Quote of the Quarter
“It doesn’t take much to make me happy. Six meals a day. Ten hours of sleep. A pair of yoga pants, complete solitude, and no social obligations whatsoever.” (message from one cop to another)
Cops acquire the ability to detach from emotional aspects of many of their assignments or to use justification as ways to cope with the extremely challenging situations they regularly face. These are learned traits and a requirement to stay emotionally healthy.
Detaching can keep the officer focused on the details of the case and away from absorbing the emotional content present. Justification takes terrible situations and reframes them into something they can live with. If someone who has been drinking, drives their car at a high rate of speed into a ditch, and was not wearing a seatbelt, at least the officer can justify saying someone was foolish and their life ended in tragedy, but it was their fault.
With children, it’s different, very different. We see children as innocent, helpless, vulnerable victims. It’s much harder to remain safely distanced emotionally. The worst call a cop can get is a call with an injured or non-breathing child. There is no way around the urgency of response and connecting emotions that follow.
Every cop hearing the reedy beeping tone indicating only emergency communication is allowed on the main radio channel is itself a stimulator of stress. All who are listening to the radio are praying, the next communication from the officer arriving on scene will be a message notifying everything is actually ok with the child. This comforting message does not always come, but it is what everyone holds their breath for.
Details related to the child’s death may stick with the officer for the rest of their life. Future tragedies involving children may trigger previous incidents compounding the situation. Cases involving children are hard cases to move on from. I write this article intentionally without details. I am attempting to limit connection points to a particular case and trigger stress. Thanks friends for your hard work and dedication on even the toughest calls.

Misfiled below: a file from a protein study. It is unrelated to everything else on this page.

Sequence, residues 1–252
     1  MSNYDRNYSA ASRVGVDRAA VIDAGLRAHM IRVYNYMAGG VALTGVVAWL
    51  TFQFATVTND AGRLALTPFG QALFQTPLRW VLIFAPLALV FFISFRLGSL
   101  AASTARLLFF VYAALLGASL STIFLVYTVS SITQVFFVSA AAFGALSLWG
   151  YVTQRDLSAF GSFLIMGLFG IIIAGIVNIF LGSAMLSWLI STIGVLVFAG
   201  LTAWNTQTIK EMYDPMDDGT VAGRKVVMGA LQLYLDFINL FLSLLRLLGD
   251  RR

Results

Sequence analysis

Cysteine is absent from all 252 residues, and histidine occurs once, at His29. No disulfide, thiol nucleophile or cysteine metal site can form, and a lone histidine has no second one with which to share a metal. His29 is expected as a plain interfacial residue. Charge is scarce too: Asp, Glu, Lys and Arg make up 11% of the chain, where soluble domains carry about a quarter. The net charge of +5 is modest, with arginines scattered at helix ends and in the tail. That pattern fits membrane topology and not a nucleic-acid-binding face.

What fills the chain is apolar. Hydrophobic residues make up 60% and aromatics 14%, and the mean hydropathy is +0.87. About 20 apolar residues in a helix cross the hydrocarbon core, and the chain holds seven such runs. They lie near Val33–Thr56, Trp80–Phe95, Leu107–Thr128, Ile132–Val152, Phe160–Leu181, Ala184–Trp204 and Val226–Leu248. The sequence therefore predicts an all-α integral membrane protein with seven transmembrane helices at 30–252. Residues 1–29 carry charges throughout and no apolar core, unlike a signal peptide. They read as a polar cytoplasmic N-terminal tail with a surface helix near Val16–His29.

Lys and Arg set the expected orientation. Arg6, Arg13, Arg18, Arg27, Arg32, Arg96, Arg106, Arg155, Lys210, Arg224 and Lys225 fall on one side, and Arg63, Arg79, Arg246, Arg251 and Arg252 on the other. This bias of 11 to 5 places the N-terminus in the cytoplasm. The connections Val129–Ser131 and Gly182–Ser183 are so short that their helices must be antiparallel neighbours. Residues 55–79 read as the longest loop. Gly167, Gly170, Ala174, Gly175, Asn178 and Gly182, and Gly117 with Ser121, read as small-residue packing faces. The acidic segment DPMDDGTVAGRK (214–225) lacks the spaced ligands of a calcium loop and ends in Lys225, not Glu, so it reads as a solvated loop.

When most teenagers are directed to empty the trash in the house, unload the dishwasher, or clean their room, things aren’t usually accomplished to the satisfaction of the parent. With cops, what’s assigned is theirs. From beginning to end of shift, they need to handle everything in their beat.
Did you know nearly 80% of the contacts cops are required to make are unwanted by the people they are dispatched to handle?! This makes for some unpleasant interaction more times than cops would like.
“Handle it” might mean they take a report, it might be making an arrest, helping a citizen with mental illness, writing a ticket for no seatbelt, or texting while driving. Cops Handle It! They are the counselor, parent, comforter, person of reason, and resource 411. Police get the call to do the things most other people don’t want to do. Cops need our cooperation to keep peace and need our support as a reminder that more people are for them than against them.
THE BOMB dot Calm
I was privileged to spend a day with the lead bomb specialist from AFT recently, and it was a blast! LOL The day started with a little tour of a museum / collection of confiscated or recovered explosives from all around the county. Then I had a closeup look at the new Bomb Disposal equipment that is taken to scenes to detonate unsafe materials if called out by local law enforcement agencies.
Then I had a closeup look at the new Bomb Disposal equipment that is taken to scenes to detonate unsafe materials if called out by local law enforcement agencies.
As the day progressed, we traveled out to a designated spot in the desert with about ten other bomb techs to destroy the collected items. I went along to experience the powerful fun and was not disappointed.
I watched as a team of Sheriff Department and ATF bomb experts inventoried the confiscated and collected fireworks, expired flares, explosives, and other incendiary devices. A plan was formulated to dispose of every item. There was a complex plan for effective destruction of the contraband to ensure the safety of everyone.
Heather Glogolich, a police officer and trainer, presented her audience of cops with a reality check. I share part of her perspective and cop mindset. She says, “Here is the reality of if. We wake up every day and our job is to put on a bulletproof vest and carry a gun, knowing that we have a higher chance of not going home. I don’t take this for granted any single day of my entire career.
I wake up and I know that being a cop is a blessing and that I’ve been given a gift to help people. In reality, my whole family knows that it might be the last time they ever see me. When I walk out of my house, there’s a sign that says ‘Come Home Safe.’ My kids realize that when their father and I walk out the door, we may not come home – this is their reality. Other people are putting on business suits or construction hats. We put on a bulletproof vest every day to help us not die.”
Thank you for taking the time to read these stories. They reflect some of the realities our cops face on a regular basis. Thank you also for your generosity in sponsoring Code 7. Your financial support of this organization allows me to be present for ride alongs and invest extra time with officers after a stressful event takes its toll.